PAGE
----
I use "Artic Silver" whenever I need to replace the thermal compound.
    It doesn't boil and doesn't set, although there are some that bond to
    the CPU. I don't use those.

    --
    Best Regards:
    Baron.
    Baron, Mar 8, 2008
    #10
  11. ChrisCoaster

    ChrisCoaster Guest

    On Mar 8, 1:40 pm, Paul <> wrote:
    > ChrisCoaster wrote:
    > > A little back history here for you folks:

    >
    > > I purchased the Gateway 1200 Select in 2001.  It shipped with 128 mB
    > > RAM.

    >
    > > In 2002 I doubled that to 256 RAM.

    >
    > > I was living at my parents' at that time and typical dialup speeds
    > > between 47-49k baud.

    >
    > > In 2004 I moved the PC to where I live with my wife.  During that year
    > > I let my AV subscript. expire for a year.  Typical dialup speeds
    > > during that time were around 37k baud, in my perception only a little
    > > slower than the old location.

    >
    > > In 2005 I learned that I had contracted Swen - and how knwhos what
    > > else!  I downloaded Symantec Norton - which slowed down the machine
    > > considerably.  So I removed that and found out about ZoneAlarm, which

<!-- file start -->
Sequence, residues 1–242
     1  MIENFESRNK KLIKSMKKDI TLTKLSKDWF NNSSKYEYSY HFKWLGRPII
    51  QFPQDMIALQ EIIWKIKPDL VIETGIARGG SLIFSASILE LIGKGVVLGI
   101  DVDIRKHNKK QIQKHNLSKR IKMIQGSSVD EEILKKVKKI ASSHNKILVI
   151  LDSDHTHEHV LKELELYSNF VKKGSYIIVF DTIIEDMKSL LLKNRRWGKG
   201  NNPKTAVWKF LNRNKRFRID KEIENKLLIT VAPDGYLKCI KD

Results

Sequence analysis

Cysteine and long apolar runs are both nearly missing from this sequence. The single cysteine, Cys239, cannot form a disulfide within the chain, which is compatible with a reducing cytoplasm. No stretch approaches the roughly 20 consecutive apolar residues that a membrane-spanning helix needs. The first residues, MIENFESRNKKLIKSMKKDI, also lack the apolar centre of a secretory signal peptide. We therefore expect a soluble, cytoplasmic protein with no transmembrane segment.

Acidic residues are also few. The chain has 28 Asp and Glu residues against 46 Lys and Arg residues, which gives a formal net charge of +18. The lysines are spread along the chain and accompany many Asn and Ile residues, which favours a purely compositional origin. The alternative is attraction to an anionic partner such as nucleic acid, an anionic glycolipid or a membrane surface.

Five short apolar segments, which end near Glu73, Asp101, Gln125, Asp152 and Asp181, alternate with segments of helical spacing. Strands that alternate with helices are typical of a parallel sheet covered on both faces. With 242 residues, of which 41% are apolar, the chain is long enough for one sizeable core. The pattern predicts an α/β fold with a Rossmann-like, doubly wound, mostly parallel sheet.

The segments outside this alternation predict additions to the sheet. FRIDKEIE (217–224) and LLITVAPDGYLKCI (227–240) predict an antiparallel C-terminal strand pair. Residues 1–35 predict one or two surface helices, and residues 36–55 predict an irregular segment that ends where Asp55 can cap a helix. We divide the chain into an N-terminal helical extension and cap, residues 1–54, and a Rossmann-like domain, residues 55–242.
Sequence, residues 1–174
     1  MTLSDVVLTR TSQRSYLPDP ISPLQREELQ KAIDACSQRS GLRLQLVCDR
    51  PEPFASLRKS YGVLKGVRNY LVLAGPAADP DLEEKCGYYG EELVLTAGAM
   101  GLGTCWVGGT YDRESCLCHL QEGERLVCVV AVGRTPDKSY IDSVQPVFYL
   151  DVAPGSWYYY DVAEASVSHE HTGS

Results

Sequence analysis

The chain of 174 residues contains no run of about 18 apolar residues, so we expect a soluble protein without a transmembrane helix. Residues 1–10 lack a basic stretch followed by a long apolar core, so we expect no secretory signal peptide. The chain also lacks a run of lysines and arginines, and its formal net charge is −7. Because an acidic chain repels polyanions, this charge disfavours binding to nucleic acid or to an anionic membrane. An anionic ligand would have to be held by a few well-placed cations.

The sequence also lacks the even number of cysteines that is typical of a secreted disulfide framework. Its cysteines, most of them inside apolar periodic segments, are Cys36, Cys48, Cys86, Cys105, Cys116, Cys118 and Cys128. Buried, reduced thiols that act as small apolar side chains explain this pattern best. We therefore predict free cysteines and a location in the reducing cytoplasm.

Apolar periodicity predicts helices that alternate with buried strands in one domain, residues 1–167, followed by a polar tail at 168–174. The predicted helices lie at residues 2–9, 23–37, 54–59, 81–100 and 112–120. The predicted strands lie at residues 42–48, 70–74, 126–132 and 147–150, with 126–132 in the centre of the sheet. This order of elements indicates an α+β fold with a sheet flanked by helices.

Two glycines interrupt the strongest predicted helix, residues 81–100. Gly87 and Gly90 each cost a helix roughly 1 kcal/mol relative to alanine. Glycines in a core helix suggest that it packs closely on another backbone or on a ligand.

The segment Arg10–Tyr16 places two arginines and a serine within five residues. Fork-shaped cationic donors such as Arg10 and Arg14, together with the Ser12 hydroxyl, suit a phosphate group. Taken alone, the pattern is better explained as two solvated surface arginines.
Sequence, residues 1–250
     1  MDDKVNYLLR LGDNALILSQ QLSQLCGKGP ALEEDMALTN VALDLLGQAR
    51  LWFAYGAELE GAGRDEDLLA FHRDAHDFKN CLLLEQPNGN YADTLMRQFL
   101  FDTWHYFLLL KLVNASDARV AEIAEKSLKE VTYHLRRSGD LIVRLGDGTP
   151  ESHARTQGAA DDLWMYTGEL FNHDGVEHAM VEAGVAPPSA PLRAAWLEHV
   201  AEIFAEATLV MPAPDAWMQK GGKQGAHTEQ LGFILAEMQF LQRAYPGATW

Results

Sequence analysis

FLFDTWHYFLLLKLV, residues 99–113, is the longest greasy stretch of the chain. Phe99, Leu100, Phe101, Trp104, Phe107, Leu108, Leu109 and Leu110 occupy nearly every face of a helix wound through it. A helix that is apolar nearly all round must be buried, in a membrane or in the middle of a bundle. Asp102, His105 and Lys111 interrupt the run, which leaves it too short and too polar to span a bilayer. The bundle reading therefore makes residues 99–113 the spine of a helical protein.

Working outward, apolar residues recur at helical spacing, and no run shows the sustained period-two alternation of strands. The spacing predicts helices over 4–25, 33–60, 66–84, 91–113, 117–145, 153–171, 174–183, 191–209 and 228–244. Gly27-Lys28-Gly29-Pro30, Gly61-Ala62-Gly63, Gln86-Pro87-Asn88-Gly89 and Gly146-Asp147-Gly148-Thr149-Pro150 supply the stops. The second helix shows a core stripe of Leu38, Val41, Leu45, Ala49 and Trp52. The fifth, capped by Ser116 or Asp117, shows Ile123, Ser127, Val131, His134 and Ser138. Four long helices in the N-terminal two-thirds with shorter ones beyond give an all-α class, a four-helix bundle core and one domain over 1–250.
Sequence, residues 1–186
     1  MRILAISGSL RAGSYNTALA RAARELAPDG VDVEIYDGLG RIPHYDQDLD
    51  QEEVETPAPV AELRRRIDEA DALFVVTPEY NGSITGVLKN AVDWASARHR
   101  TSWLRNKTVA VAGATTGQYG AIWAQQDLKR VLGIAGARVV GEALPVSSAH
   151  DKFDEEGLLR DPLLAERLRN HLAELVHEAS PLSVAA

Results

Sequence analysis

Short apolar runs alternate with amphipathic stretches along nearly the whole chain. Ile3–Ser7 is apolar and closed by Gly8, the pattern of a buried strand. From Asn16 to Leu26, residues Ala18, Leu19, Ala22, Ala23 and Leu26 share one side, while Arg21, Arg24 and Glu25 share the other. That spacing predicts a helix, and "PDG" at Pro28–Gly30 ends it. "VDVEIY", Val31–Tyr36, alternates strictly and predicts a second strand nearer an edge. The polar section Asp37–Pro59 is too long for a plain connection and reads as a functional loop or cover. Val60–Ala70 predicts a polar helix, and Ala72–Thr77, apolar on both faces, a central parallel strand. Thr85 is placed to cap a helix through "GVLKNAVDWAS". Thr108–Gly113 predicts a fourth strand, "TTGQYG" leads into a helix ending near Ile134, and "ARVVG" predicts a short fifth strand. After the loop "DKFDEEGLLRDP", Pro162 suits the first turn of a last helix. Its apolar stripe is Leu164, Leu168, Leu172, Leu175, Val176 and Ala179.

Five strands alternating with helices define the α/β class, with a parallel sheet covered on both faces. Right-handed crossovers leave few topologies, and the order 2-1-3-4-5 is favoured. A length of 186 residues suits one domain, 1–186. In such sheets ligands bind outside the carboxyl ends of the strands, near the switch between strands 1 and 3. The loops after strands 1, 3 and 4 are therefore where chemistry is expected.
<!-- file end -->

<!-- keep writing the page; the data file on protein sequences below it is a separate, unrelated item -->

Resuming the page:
> > did the same thing with half the RAM.  I also downloaded and ran,
    > > repeatedly, some Swen cleaners to get that out.

    >
    > > Since 2006 I have been running ZoneAlarm and conduct Microsoft
    > > maintenance features(ScanDisk and Disk Defrag) almost every month.
    > > When doing so, I shut down everything that doesn't need to be running
    > > - INCLUDING ZoneAlarm A.V.

    >
    > > Still, I am religous in renewing the A.V. from Zonealarm.

    >
    > > Last Thursday, I did a system restore back to May of '07.  That seemed
    > > to help with the swapfile and the 100% processor - for a day or two.
    > > On Friday I ran numerous free virus/spyware removal tools(freeware)
    > > all came back negative for everything.

    >
    > > NOW THIS IS IMPORTANT:  The 100% kernel processor indication in system
    > > monitor occurs ONLY during internet usage.  Otherwise it reads between
    > > 20 - 40%, 70% in spikes(like when opening Media Player or a game.  The
    > > swap file usage remains low, and there is more unused physical RAM acc
    > > to Sys Mon.

    >
    > > So something is going on with that AMD Athlon processor when I'm on-
    > > line, because as I said a few paragraphs back - in 2004  to 2005 it
    > > did not take TEN MINUTES to display a webpage or process Yahoo! Mail.

    >
    > > In addition last year I noticed the CPU and it's cooling fan were
    > > mighty dusty.  In the process of removing the fan and cleaning both
    > > the CPU cooling fins and the fan, I broke one of the fan blades.  The
    > > fan is now slightly imbalanced and buzzes all the time.  Could all
    > > this trouble, and the high kernel %age be caused by less than optimal
    > > cooling of the CPU?

    >
    > > Please weigh in.